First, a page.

TCR β chain-directed bispecific antibodies for the treatment of T cell cancers

Suman Paul, Alexander H. Pearlman, Jacqueline Douglass, Brian J. Mog, Emily Han Chung Hsiue, Michael S. Hwang, Sarah R. DiNapoli, Maximilian F. Konig, Patrick A. Brown, Katharine M. Wright, Surojit Sur, Sandra B. Gabelli, Yana Li, Gabriel Ghiaur, Drew M. Pardoll, Nickolas Papadopoulos, Chetan Bettegowda, Kenneth W. Kinzler, Shibin Zhou, Bert Vogelstein

Research output: Contribution to journalArticlepeer-review

Abstract

Immunotherapies such as chimeric antigen receptor (CAR) T cells and bispecific antibodies redirect healthy T cells to kill cancer cells expressing the target antigen. The pan-B cell antigen-targeting immunotherapies have been remarkably successful in treating B cell malignancies. Such therapies also result in the near-complete loss of healthy B cells, but this depletion is well tolerated by patients. Although analogous targeting of pan-T cell markers could, in theory, help control T cell cancers, the concomitant healthy T cell depletion would result in severe and unacceptable immunosuppression. Thus, therapies directed against T cell cancers require more selective targeting. Here, we describe an approach to target T cell cancers through T cell receptor (TCR) antigens. Each T cell, normal or malignant, expresses a unique TCR β chain generated from 1 of 30 TCR β chain variable gene families (TRBV1 to TRBV30). We hypothesized that bispecific antibodies targeting a single TRBV family member expressed in malignant T cells could promote killing of these cancer cells, while preserving healthy T cells that express any of the other 29 possible TRBV family members. We addressed this hypothesis by demonstrating that bispecific antibodies targeting TRBV5-5 (α-V5) or TRBV12 (α-V12) specifically lyse relevant malignant T cell lines and patient-derived T cell leukemias in vitro. Treatment with these antibodies also resulted in major tumor regressions in mouse models of human T cell cancers. This approach provides an off-the-shelf, T cell cancer selective targeting approach that preserves enough healthy T cells to maintain cellular immunity.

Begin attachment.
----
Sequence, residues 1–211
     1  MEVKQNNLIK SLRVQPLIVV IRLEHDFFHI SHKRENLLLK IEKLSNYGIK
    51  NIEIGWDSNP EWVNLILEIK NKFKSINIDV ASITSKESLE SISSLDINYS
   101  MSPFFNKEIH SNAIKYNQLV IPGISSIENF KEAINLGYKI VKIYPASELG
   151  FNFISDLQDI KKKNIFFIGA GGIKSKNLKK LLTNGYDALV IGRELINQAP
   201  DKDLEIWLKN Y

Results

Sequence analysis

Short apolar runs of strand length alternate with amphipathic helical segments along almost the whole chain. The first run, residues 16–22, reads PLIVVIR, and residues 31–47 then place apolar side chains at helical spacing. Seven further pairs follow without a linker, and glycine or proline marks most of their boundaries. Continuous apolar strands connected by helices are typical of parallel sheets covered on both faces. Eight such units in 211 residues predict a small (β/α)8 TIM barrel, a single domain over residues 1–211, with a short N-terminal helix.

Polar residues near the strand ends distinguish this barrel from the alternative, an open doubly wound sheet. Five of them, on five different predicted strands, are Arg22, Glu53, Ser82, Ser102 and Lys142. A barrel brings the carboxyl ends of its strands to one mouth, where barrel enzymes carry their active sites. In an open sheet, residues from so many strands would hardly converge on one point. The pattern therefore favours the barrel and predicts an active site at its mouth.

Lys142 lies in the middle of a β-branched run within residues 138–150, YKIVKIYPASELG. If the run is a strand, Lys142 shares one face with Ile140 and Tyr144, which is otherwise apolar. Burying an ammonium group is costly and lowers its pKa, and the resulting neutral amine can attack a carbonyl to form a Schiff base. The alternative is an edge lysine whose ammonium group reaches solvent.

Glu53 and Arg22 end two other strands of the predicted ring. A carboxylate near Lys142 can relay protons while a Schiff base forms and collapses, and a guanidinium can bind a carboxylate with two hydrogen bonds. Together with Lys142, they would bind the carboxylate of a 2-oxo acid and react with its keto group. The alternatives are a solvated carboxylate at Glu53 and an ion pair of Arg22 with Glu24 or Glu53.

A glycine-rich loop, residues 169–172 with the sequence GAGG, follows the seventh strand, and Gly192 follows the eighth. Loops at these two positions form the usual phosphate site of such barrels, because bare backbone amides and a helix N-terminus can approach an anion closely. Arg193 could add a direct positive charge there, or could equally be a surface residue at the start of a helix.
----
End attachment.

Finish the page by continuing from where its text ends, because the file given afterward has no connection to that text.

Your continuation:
Original languageEnglish (US)
Article numbereabd3595
JournalScience translational medicine
Volume13
Issue number584
DOIs
StatePublished - Mar 10 2021

ASJC Scopus subject areas

  • Medicine(all)

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